What is a Real Fan? What is a Real Fan?
What is a real fan? Lately, big time artist have been referring to “real fans” when they discuss the lack of tickets for their... What is a Real Fan?

What is a real fan?

Lately, big time artist have been referring to “real fans” when they discuss the lack of tickets for their shows. They want their “real fans” to attend, and feign true sorrow when the “real fans” can’t get tickets.

The latest is Eric Church, who is on a 35 gig, four month tour that some have described as a “traveling country music spectacle.” Church has declared war on ticket brokers and resellers on behalf of his “real fans.” His goal is to block scalping and keep prices down so his “real fans” can have affordable access. To achieve this, he is using paperless tickets, which require the concert goer to provide photo identification and the purchasing credit card to get into the concert. Opponents argue that paperless ticketing only makes the process more cumbersome and difficult for fans. As an example, if four tickets are purchased on one credit card, all four of those ticket holders must enter the arena together. If a father living in California purchases a ticket for his daughter in Nashville, she will have to jump through additional hoops to use that ticket without the original credit card.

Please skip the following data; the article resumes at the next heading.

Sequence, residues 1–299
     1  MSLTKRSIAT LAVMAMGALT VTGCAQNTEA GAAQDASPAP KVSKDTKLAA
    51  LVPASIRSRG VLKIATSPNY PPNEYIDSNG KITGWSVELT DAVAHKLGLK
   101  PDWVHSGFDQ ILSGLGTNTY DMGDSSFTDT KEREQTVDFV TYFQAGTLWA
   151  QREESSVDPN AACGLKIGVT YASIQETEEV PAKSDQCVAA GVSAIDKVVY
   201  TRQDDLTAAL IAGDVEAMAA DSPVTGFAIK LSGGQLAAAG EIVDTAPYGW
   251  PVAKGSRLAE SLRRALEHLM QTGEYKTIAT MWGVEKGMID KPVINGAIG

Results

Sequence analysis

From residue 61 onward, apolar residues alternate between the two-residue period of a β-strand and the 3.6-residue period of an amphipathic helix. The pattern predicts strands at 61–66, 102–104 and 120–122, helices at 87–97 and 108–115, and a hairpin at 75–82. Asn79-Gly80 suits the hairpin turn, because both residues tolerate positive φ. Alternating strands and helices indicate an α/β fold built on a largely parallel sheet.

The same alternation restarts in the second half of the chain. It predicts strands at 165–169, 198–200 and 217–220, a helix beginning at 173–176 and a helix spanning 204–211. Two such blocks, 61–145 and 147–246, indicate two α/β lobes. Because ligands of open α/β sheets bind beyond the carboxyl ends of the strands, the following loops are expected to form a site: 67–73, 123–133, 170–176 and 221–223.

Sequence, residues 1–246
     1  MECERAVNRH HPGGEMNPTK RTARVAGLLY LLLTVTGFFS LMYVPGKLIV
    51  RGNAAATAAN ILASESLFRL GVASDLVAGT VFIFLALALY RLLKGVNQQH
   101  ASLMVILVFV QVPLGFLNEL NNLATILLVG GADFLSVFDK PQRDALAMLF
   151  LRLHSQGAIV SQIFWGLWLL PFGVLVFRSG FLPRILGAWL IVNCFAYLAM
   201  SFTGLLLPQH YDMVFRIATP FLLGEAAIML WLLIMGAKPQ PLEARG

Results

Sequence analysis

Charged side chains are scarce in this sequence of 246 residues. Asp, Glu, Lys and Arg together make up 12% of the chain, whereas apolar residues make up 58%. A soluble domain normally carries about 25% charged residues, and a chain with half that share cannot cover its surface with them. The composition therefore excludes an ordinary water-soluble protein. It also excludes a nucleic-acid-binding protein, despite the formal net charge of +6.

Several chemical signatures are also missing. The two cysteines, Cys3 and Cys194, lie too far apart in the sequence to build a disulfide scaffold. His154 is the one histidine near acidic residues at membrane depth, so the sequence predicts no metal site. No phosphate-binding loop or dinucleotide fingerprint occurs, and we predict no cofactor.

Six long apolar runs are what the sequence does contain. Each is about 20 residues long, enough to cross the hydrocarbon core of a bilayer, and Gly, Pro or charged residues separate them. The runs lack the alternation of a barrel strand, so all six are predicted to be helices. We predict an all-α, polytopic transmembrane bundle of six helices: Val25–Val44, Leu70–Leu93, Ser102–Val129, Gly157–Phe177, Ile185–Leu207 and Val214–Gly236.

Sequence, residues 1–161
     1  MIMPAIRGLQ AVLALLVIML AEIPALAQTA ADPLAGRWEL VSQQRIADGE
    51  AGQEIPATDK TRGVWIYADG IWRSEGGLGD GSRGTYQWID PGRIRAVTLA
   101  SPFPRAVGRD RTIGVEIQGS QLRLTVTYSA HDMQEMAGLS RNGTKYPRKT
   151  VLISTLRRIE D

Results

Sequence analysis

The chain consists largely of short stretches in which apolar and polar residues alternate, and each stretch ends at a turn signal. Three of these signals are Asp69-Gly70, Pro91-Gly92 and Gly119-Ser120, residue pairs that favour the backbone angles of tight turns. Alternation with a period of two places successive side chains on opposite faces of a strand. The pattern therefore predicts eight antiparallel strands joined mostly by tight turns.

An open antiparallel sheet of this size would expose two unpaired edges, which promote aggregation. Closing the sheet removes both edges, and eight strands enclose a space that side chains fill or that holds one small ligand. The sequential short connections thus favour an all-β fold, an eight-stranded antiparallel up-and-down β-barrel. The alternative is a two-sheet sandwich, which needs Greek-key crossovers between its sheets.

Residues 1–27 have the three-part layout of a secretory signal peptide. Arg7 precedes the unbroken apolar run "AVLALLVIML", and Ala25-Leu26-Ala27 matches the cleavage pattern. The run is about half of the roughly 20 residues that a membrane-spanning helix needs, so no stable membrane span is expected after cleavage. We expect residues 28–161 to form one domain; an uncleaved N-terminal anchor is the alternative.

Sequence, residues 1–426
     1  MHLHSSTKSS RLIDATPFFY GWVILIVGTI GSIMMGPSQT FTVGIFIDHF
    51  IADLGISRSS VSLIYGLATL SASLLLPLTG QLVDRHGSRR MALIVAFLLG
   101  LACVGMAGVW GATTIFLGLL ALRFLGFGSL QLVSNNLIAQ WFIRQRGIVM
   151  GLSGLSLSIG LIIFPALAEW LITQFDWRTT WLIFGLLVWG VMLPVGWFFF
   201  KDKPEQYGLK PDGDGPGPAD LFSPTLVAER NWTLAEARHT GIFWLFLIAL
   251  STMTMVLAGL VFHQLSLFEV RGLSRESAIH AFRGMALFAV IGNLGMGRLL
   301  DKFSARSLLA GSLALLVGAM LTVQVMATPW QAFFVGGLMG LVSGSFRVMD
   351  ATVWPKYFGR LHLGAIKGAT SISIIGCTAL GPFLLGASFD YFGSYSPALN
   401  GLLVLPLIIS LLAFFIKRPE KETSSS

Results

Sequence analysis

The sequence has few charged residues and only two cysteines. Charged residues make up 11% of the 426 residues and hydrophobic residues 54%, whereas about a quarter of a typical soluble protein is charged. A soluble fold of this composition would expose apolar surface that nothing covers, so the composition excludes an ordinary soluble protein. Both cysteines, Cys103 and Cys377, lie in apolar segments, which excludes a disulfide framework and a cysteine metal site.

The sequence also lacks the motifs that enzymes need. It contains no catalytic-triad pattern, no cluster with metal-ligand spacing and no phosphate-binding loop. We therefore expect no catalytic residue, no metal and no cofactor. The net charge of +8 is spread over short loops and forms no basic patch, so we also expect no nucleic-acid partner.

In the USA Today, Fielding Logan, Church’s manager, says paperless tickets are the cure to limiting scalpers. He said that his team is taking a “zero-tolerance” policy on purchasers transferring tickets. This policy is supposed to make more tickets available for fans. Yet, in the same breath, he also admitted that he sets aside at least 4,000 lower bowl seats. These seats are not available for the regular fan to purchase. Church is reserving premium seats to be sold through Ticketmaster at “market value” with proceeds donated to Chief Cares, his and wife Katherine Church’s new charitable organization. Essentially, he will be selling the best seats in the house through Ticketmaster, who will no doubt sell a majority of those seats through its secondary ticket seller, TicketsNow, at hugely inflated prices.

This whole operation is being run by Logan, who in March, 2013 was accused of offering free concert tickets to influence a witness’ testimony before a legislative committee in Nashville. Nashville attorney John Ray Clemmons wrote to the committee chairman, stating that “Fielding Logan sat next to me after his testimony and began arguing that I was on the wrong side of the issue, that I did not understand it and that I should not testify.” Clemmons added, “He then twice offered me what he described as really good tickets to the upcoming Black Keys concert…. as a donation to my nonprofit. It is clear that he offered me these tickets just before my testimony to keep me from opposing the bill,” Clemmons concluded.

Jon Potter, head of the Fan Freedom Project, said “What is clear is that the proponent of the bill, who is the manager of some of the most prominent bands in Tennessee, offered a handful of tickets to an opponent of the bill.”

Logan confirmed that he offered the tickets, but only to “demonstrate that paperless tickets can be transferred for the purpose of helping charities.”

What this latest attack on ticket brokers’ shows us is that the double standards do exist: if you are the artist or his manager and own the tickets, you can sell them for whatever price you want to whomever, transferring the tickets under the table at a legislative hearing to influence testimony pretty easily. For the “real fans”, it’s not so easy.